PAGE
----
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Spring/ Summer 2008 Table of Contents
Versión Español de este artículo (Spanish Version)

By Debra Sewell, Curriculum Coordinator, TSBVI

Abstract: At the heart of everything we want to teach our children lies a set of skills that helps them become successful members of our communities. The author describes how family members and educators can foster self-determination in children and young people with visual impairments.

Keywords: blind, visually impaired, self-determination, personal empowerment.

Self-determination is more than social skills, and it is more than self-advocacy. For some students it might be as simple as indicating choices and preferences, and for others, as complicated as determining future careers. Self-determination has been described as “The ability to define and achieve goals based on a foundation of knowing and valuing oneself” (Field and Hoffman, 1994). Some of the major components of self-determination are:img12

  • knowledge of self and others
  • personal management
  • effective communication
  • self-advocacy and advocacy within systems
  • decision-making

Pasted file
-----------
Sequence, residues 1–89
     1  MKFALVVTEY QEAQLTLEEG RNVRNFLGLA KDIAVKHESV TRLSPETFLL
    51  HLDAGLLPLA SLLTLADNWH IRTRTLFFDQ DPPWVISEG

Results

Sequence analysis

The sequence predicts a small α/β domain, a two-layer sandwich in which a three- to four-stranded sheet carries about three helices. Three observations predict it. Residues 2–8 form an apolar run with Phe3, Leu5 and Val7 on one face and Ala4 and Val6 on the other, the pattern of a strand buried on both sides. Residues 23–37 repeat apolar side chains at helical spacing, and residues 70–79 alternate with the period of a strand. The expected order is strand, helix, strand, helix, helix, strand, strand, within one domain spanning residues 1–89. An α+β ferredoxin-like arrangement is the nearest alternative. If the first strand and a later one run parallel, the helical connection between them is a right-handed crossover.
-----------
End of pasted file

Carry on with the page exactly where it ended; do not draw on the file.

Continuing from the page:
• goal setting
  • problem solving

Professionals in the field of visual impairment have realized that self-determination skills must be explicitly taught. Studies have confirmed that students with disabilities are often unable to advocate for their own needs, wants and desires and are less prepared to make the hard choices and decisions needed to take control of their own lives and become self-determined adults (e.g., Wehmeyer, 1993; Wehmeyer and Kelchner, 1994).

A common goal we all share for our children is for them to enjoy the highest possible quality of life. Therefore, we need to offer the instruction, encouragement and experiences that will allow them to become as self-determined as possible. People who are self-determined purposefully cause things to happen in their lives.

We need to offer instruction in self-determination to all students at all functioning levels. This means we: img13

  • start early with choice-making and hands-on experiences
  • teach and re-teach from pre-school to high school
  • incorporate this instruction into daily activities

Self-determination skills must be taught over the course of a lifetime. They must be integrated into a variety of daily activities, and must be refined over time. Becoming self-determined is not a short-term process that can be packed into a few years. It is an undertaking that is never complete; an undertaking that we should work on our entire lives.

Tips for Getting Started

Knowledge of Self and Others